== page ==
Where heat should be removed slowly, a riser or some padding may be added to a casting. A riser is an additional larger cast piece which will cool more slowly than the place where is it attached to the casting.
Generally speaking, an area of the casting which is cooled quickly will have a fine grain structure and an area which cools slowly will have a coarse grain structure.
Castings shrink when they cool. Like nearly all materials, metals are less dense as a liquid than a solid. During solidification (freezing), the metal density dramatically increases. This results in a volume decrease for the metal in a mold. Solidification shrinkage is the term used for this contraction. Cooling from the freezing temperature to room temperature also involves a contraction. The easiest way to explain this contraction is that is the reverse of thermal expansion. Compensation for this natural phenomenon must be considered in two ways.
The shrinkage caused by solidification can leave cavities in a casting, weakening it. Risers provide additional material to the casting as it solidifies. The riser (sometimes called a "feeder") is designed to solidify later than the part of the casting to which it is attached. Thus the liquid metal in the riser will flow into the solidifying casting and feed it until the casting is completely solid. In the riser itself there will be a cavity showing where the metal was fed. Risers add cost because some of their material must be removed, by cutting away from the casting which will be shipped to the customer. They are often necessary to produce parts which are free of internal shrinkage voids. One method that assists in keeping the metal molten in the riser longer is the utilisation of an exothermic sleeve. http://www.gw-svr-a.org.uk/4566_castings.html
Sometimes, to promote directional solidification, chills must be used in the mold. A chill is any material which will conduct heat away from the casting more rapidly that the material used for molding. Thus if silica sand is used for molding, a chill may be made of copper, iron, aluminum, graphite, zircon sand, chromite or any other material with the ability to remove heat faster locally from the casting. All castings solidify with progressive solidification but in some designs a chill is used to control the rate and sequence of solidification of the casting.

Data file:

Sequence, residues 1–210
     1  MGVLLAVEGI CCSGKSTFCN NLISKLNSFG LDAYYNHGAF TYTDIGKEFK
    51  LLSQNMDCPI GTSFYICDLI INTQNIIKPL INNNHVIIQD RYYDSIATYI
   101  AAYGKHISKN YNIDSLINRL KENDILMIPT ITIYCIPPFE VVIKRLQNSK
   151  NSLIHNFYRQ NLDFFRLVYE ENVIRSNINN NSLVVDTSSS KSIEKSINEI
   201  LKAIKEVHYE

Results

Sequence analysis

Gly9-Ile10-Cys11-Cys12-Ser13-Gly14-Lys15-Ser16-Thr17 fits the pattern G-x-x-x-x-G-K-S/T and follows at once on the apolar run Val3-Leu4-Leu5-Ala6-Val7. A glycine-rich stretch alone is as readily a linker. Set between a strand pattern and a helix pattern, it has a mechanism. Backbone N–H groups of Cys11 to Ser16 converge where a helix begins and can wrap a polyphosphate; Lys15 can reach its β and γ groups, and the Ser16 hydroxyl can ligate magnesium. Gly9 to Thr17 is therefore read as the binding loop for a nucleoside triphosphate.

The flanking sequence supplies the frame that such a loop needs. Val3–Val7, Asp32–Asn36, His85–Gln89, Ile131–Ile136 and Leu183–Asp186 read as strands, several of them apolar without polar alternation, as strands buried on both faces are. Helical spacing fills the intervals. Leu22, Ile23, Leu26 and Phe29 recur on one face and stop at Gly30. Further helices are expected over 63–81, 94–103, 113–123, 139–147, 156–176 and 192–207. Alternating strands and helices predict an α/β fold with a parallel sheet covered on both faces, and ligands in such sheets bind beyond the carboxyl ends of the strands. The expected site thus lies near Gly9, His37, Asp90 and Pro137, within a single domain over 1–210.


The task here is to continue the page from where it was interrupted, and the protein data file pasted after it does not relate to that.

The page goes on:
Patternmaker's Shrink (Thermal Contraction)
Shrinkage after solidification can be dealt with by using an oversized pattern designed for the relevant alloy. Pattern makers use special "contraction rulers" (also called "shrink rules") to make the patterns used by the foundry to make castings to the design size required. These rulers are 1 - 6% oversize, depending on the material to be cast. These rulers are mainly referred to by their actual changes to the size. For example a 1/100 ruler would add 1 mm to 100 mm if measured by a "standard ruler" (hence being called a 1/100 contraction ruler). Using such a ruler during pattern making will ensure an oversize pattern. Thus, the mold is larger also, and when the molten metal solidifies it will shrink and the casting will be the size required by the design, if measured by a standard ruler. A pattern made to match an existing part would be made as follows: First, the existing part would be measured using a standard ruler, then when constructing the pattern, the pattern maker would use a contraction ruler, ensuring that the casting would contract to the correct size.
|This article is licensed under the GNU Free Documentation License. It uses material from the Wikipedia article "Casting". A list of authors is available in Wikipedia.|